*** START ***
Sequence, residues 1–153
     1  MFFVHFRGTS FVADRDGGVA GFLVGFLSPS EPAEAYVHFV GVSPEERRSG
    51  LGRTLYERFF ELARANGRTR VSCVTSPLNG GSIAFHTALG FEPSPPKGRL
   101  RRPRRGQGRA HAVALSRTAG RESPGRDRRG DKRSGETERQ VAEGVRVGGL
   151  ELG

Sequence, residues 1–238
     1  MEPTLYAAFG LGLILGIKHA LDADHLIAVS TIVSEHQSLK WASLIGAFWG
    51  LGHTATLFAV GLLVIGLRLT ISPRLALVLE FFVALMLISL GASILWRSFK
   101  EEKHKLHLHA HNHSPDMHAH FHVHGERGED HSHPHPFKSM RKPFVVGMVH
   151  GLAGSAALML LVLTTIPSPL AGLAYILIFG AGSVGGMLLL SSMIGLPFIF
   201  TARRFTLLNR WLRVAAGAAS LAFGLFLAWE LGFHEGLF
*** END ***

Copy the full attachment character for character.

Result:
Sequence, residues 1–153
     1  MFFVHFRGTS FVADRDGGVA GFLVGFLSPS EPAEAYVHFV GVSPEERRSG
    51  LGRTLYERFF ELARANGRTR VSCVTSPLNG GSIAFHTALG FEPSPPKGRL
   101  RRPRRGQGRA HAVALSRTAG RESPGRDRRG DKRSGETERQ VAEGVRVGGL
   151  ELG

Sequence, residues 1–238
     1  MEPTLYAAFG LGLILGIKHA LDADHLIAVS TIVSEHQSLK WASLIGAFWG
    51  LGHTATLFAV GLLVIGLRLT ISPRLALVLE FFVALMLISL GASILWRSFK
   101  EEKHKLHLHA HNHSPDMHAH FHVHGERGED HSHPHPFKSM RKPFVVGMVH
   151  GLAGSAALML LVLTTIPSPL AGLAYILIFG AGSVGGMLLL SSMIGLPFIF
   201  TARRFTLLNR WLRVAAGAAS LAFGLFLAWE LGFHEGLF